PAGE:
Over at First Thoughts, I point readers to recent discussions of the commercialization of art and the general decline in artistic judgment. I end with the question of how to regain this judgment:
The temptation here–and it’s an easy one–is to blame capitalism for this decline. Panero points out, however, that the problem is not the market, it’s us: “If we are here to put capitalism on trial, and capitalism loses, I wouldn’t question capitalism. I would question our judgment.”
By “judgment” I take James to mean the ability to recognize and value truth and beauty. This ability takes years of nourishment in our families, schools and churches, but, generally speaking, it’s no longer happening, to state the obvious. Truth has been replaced by relativism and egalitarianism (and, as R.R. Reno points out, a miniature moralism), and beauty by titillation. The difficult question is whether this judgment can be regained or whether, at this point, it can only be nourished in small pockets, here and there, for future generations.
Talk of changing the culture (or in this case, changing artistic judgment) is delicate. First, to state the obvious, we don’t change anything. God does. We are merely agents of his change. But second, and more practically, too much focus on changing the culture can often prevent us from being the vehicles of that very change to the extent that it tempts us to calculate or discuss the change we’ve caused or wish to cause and neglect the nourishing of truth and beauty in our own lives and the lives of those with whom we come in contact (students, colleagues, children, friends, and so forth). Of course, it’s helpful to step back from time to time to make sure we’re not off track, that in delving deeply in our respective disciplines or crafts we haven’t lost sight of what’s most important or been wrongly influenced by false ideas subtly expressed in even the best philosophy, music, poetry or art. At the same time, individuals who were great agents of change were often unaware of the change they had caused because, as is so often the case, most of it did not take place until much later, often after they had died.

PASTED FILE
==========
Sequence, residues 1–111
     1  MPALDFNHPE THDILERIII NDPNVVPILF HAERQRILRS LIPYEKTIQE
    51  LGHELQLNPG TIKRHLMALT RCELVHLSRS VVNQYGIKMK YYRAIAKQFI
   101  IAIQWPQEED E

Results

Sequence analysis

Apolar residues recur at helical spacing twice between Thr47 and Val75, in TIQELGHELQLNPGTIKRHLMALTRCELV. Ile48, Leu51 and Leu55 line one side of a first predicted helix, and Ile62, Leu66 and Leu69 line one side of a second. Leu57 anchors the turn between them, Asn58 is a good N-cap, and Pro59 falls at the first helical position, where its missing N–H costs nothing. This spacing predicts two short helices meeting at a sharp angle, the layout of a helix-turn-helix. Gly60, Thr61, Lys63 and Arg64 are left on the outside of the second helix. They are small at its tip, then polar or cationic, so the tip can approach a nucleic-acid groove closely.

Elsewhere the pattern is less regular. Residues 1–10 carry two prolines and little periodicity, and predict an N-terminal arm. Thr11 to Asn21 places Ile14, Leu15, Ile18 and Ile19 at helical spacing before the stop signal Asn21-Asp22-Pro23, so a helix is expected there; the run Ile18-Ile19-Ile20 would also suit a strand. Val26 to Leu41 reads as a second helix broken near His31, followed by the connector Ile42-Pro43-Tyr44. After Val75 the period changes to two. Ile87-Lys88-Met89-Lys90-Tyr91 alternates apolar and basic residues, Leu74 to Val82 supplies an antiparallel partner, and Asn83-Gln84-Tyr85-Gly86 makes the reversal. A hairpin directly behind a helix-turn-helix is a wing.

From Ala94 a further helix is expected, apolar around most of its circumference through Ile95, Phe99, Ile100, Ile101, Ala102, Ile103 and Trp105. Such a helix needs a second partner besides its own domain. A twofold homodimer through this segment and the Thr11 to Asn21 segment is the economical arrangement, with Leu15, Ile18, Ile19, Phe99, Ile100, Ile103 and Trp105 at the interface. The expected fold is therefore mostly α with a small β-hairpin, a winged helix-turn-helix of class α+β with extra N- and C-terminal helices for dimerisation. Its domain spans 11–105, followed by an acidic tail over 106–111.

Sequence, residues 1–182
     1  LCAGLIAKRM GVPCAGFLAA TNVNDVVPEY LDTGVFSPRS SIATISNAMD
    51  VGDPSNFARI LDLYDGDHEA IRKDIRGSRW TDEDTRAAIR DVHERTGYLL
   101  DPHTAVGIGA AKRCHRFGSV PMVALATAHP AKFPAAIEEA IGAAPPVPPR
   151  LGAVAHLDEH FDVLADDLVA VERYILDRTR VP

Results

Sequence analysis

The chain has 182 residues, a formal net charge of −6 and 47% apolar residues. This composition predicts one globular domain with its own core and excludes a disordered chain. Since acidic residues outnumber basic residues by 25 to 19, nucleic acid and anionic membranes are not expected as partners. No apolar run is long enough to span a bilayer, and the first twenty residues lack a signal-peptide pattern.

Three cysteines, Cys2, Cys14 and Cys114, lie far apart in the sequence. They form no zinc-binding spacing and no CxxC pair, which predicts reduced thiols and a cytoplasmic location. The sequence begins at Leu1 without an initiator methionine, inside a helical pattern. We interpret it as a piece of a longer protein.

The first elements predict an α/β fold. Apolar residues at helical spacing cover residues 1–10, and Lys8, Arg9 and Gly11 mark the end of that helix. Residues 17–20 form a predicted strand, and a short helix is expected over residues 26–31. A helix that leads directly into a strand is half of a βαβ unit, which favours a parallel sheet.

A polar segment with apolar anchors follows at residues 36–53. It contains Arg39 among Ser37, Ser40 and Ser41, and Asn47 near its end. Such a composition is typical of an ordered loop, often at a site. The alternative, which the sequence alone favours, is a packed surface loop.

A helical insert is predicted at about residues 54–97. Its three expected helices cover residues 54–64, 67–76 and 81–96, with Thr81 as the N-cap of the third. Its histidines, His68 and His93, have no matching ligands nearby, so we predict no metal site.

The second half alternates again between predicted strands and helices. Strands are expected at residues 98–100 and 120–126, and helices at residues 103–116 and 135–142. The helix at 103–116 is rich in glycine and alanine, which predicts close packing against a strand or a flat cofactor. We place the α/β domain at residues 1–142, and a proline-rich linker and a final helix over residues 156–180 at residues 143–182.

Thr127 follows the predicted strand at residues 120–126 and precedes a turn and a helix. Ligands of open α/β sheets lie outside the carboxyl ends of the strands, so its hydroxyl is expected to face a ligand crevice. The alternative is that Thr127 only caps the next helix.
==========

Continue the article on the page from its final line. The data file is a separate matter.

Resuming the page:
So, leaving to God the question of how small or large our sphere of influence is, and whether it is principally in the present or the future, we should do whatever God puts in front of us daily to the best of our ability.